Any number of us, myself included, have the goods on Romney and will keep pitching them. The reason I got as much traction in the 2008 cycle with Romney was geographical: I’m in Michigan and was thus perceived and portrayed by the media as a hometown, backyard critic. My critical comments about other candidates got far less coverage. (In the interim, however, I’ve also generated national coverage laying wood to Huntsman when he trawled his lines through Michigan and a county GOP organization very publicly cancelled his scheduled appearance when the Grand Rapids paper reported his support of “civil unions.”) http://bit.ly/Z1jmm
AFA Indiana’s Micah Clark has the same backyard opportunity with Daniels (if he runs) that I had with Romney. In fact, if Micah and the rest of us start talking about Daniels’ executive order right now, before he decides, we might actually impact his decision whether to enter the race and save ourselves lots of time and trouble. But it shouldn’t be left entirely to Micah. We should both encourage him, back him up, and act ourselves when and if he can’t or doesn’t. The point and principle being, if we want fewer politicians to endorse “sexual orientation” or “civil unions” policies, we must constantly teach them that there’s a price to be paid for doing so. There’s no better lesson for current or hopeful city councilmen and state legislators and congressmen and governors than to watch a candidate or candidates for president being aggressively and publicly held accountable for doing so. (What AFA did to those justices in Iowa is an incomparable example, but given the attention span of politicians, we have to keep teaching the lesson.) http://bit.ly/9b5seB
Our failure to aggressively hold them accountable is also a teaching message, though an entirely different one: “I have nothing to fear from the pro-family movement. I can support the homosexual agenda in whatever office I hold now, and if I run for higher office, they won’t say a thing.” (Thus, we are going to teach politicians who watch our actions one lesson or the other. Not teaching a lesson is not one of the options.)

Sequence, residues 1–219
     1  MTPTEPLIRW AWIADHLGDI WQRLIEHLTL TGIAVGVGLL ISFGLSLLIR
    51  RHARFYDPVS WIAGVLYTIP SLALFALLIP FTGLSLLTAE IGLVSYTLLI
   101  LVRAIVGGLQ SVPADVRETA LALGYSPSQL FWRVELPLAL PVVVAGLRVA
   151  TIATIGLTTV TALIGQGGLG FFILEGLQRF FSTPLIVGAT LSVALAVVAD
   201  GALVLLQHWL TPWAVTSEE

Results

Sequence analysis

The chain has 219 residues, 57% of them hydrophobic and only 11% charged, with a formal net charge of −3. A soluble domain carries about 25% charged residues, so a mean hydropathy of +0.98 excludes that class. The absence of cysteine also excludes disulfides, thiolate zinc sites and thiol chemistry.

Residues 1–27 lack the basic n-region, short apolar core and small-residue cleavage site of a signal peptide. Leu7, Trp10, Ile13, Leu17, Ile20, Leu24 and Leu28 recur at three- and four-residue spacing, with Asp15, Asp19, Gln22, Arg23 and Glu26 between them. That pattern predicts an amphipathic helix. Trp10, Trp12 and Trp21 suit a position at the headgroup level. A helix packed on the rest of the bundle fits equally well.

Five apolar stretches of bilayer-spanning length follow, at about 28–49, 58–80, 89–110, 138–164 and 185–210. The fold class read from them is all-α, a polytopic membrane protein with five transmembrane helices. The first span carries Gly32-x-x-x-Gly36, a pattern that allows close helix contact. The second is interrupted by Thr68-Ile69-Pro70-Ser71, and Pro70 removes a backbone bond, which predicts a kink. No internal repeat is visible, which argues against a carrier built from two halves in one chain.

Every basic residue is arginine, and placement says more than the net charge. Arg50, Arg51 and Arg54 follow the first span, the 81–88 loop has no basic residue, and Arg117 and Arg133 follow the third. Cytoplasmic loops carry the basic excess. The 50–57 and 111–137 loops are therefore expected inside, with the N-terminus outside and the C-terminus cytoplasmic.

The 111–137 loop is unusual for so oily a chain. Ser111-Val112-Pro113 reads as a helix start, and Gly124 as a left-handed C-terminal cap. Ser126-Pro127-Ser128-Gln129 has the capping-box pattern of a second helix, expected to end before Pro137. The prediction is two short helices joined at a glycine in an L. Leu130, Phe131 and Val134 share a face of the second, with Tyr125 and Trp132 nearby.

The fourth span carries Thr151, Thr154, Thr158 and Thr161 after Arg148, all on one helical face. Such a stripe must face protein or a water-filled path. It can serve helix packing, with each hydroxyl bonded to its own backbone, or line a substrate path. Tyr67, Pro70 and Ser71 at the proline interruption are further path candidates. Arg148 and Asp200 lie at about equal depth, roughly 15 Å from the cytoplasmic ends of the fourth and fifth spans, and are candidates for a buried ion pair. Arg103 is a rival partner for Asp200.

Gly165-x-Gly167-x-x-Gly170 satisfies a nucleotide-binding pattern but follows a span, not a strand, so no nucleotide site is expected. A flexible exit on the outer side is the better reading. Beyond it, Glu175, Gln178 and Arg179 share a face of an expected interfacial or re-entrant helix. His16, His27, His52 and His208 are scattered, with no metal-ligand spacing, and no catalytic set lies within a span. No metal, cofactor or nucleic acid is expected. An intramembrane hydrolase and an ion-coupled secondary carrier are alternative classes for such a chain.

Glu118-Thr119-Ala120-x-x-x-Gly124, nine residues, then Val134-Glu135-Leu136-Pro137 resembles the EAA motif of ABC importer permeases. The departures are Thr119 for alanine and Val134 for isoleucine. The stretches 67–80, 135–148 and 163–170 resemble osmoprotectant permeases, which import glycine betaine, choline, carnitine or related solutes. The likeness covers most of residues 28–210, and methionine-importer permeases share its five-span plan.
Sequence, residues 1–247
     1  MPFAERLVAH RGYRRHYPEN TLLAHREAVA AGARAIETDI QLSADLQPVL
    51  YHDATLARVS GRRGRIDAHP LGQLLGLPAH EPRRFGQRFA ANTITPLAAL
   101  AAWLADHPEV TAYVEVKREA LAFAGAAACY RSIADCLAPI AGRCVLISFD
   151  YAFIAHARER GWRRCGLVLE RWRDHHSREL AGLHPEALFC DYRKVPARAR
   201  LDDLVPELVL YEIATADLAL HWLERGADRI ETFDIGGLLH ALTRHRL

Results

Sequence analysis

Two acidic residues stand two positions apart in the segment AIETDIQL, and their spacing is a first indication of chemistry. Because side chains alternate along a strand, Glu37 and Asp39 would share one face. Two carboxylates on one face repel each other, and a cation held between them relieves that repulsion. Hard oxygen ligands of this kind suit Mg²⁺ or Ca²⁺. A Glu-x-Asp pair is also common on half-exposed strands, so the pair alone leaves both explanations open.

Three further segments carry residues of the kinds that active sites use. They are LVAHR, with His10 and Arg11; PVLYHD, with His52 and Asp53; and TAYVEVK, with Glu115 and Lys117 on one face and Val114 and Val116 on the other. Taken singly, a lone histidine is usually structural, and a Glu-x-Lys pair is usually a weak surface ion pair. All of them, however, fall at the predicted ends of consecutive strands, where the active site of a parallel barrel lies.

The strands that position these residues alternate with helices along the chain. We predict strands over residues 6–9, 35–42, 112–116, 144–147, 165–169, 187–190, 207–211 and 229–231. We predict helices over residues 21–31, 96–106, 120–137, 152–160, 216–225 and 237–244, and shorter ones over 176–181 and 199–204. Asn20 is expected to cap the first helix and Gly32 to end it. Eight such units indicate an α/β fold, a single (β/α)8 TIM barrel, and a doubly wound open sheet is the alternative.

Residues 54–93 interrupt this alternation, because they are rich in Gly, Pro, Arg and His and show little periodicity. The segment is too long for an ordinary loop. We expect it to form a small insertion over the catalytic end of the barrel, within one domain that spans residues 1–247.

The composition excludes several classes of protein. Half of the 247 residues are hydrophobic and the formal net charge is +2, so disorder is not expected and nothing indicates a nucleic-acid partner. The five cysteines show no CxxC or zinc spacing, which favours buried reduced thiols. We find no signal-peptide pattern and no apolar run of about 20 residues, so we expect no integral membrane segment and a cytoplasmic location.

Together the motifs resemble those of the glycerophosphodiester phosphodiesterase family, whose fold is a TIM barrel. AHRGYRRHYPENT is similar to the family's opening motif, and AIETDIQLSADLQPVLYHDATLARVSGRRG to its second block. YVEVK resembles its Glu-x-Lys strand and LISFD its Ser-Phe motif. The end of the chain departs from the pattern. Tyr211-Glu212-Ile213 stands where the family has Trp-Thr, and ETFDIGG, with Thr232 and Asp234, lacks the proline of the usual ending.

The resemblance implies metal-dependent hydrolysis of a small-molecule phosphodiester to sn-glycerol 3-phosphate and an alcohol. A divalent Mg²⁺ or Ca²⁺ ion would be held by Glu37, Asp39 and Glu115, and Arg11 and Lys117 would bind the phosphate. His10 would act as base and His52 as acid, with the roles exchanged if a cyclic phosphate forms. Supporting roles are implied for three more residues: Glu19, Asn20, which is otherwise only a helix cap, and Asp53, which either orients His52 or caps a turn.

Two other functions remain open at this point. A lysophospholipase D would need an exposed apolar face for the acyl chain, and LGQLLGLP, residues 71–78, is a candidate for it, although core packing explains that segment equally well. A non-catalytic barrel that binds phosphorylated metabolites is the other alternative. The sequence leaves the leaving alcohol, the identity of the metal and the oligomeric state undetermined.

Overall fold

But regardless of who does it, we cannot stand silently by and allow the Republican primary process — at least not without our protests — to come down to a Hobson’s Choice of which pro-homosexual agenda politician is nominated. If both parties’ presidential nominees endorse the foundational “sexual orientation” construct of the homosexual movement, and we’re silent — or worse, actually support one of them just because he’s a Republican — how do we credibly and with integrity hold lesser politicians accountable on the same issue in the future? Our stand on these issues will be marginalized and, at least to some, discredited in any case.
We should also start this presidential cycle by making clear to others among us that there’s also a price to pay in terms of continued credibility and leadership in the pro-family movement for those who deceive our shared constituency, as some did the last cycle, with repeated falsehoods about how “conservative” such and such a candidate is.
It’d be a luxury to have a candidate in the race we could enthusiastically support. But whether we do or don’t is irrelevant to our duty to hold publicly accountable those whose record and positions are opposed to the values we profess to champion, even if it’s every single one of them. We don’t have to support any candidate for public office, but what those who look to us for leadership do expect us to do is tell them the truth and warn them about candidates whose records don’t reflect our values.
And to be faithful to the trust those millions of Americans put in us collectively, we should also — from the beginning this time — tell them the truth when and if others they might trust cover up or falsely characterize the record and positions of such politicians.
Photo Credit : Gage Skidmore Creative Commons